A public health expert who was part of a group that conducted modeling on the spread of coronavirus said Wednesday the state’s decision to abruptly end the group’s work was politically motivated and a half-baked attempt to justify reopening the state as soon as possible.
Dr. Joe Gerald, director of Public Health Policy and Management at the University of Arizona’s College of Public Health, said Gov. Doug Ducey cited unreliable data during his May 4 press conference to announce loosening his stay-at-home order.
A key piece of Ducey’s justification, Gerald said, relied on syndromic surveillance of flu-like and COVID-like illnesses, data that is self-reported, not validated and unreliable.
Arizona Department of Health Services chief of health statistics, S. Robert Bailey, informed the Projections Modeling Team, a volunteer group of researchers overseen by Arizona State University, on Monday the department was going to “pause” the group’s work.
Bailey did not provide the group a reason for the sudden change.
Gerald said he had no question that the decision came from the Governor’s Office and Department of Health Services Director Cara Christ. The researcher suspects Ducey may be falling in line with President Donald Trump, who visited Arizona Tuesday and recently discontinued the White House coronavirus task force.
Although the modeling produced by the group was just one factor in the state’s decision-making, Gerald said its absence will affect how informed the state’s decisions related to COVID-19 are..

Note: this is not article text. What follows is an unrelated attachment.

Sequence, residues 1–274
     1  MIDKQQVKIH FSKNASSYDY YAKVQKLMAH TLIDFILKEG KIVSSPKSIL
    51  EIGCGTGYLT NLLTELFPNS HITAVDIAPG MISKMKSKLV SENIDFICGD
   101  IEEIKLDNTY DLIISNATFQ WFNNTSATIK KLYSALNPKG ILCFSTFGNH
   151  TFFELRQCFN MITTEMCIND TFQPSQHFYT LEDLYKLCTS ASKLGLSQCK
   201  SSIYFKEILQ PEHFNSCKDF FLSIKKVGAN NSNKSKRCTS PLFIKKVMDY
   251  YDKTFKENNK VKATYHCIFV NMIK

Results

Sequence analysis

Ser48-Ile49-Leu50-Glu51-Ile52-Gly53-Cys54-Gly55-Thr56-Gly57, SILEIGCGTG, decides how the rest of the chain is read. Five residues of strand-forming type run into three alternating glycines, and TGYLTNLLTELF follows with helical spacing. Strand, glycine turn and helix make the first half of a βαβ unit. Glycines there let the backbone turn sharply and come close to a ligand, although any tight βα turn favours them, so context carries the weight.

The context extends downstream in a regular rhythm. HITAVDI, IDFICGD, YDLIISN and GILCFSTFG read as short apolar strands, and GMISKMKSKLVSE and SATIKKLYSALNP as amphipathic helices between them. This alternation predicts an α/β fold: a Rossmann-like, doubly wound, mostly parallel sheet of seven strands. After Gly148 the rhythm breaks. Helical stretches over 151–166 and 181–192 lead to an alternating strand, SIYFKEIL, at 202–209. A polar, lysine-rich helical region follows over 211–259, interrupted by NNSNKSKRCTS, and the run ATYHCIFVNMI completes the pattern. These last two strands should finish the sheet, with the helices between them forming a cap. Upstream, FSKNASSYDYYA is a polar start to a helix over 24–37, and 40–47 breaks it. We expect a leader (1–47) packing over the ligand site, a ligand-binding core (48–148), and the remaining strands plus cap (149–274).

“It really comes down to, is the executive branch willing to listen to us public health professionals?” Gerald said.
Gerald said the group thinks the Governor’s Office is lifting restrictions too quickly and the moves are short-sighted, if the ultimate goal is leading Arizona down a path of fewer cases and deaths.
“We know more people are going to get sick and more people are going to die. Maybe that’s a tradeoff we’re willing to make,” Gerald said.
Even if the justification is to restart the economy, Gerald said public opinion suggests people aren’t as enthusiastic about that if there are too many unintended consequences attached.
While the justification from Ducey and Christ is that the state can handle any surge in cases with available hospital capacity, that may also be misleading, Gerald said, as it doesn’t fully account for adequate staffing and the workload the average health care worker is facing and would face should another surge come.
“I’m not sure enough attention has been given to the human factors… How well prepared are our health care workers to manage these patients over the long term?” Gerald said.
Ducey’s chief of staff, Daniel Scarpinato, said that the governor didn’t order the “pause” in the team’s work, didn’t receive a heads-up that it was coming and said that if it were a political decision, it would be a pretty poor one.
“It’s a DHS public health decision that they made – we didn’t make it – we obviously support their decisions because they’re the experts,” he said. “We don’t micromanage every decision made by [Christ’s] team at DHS.”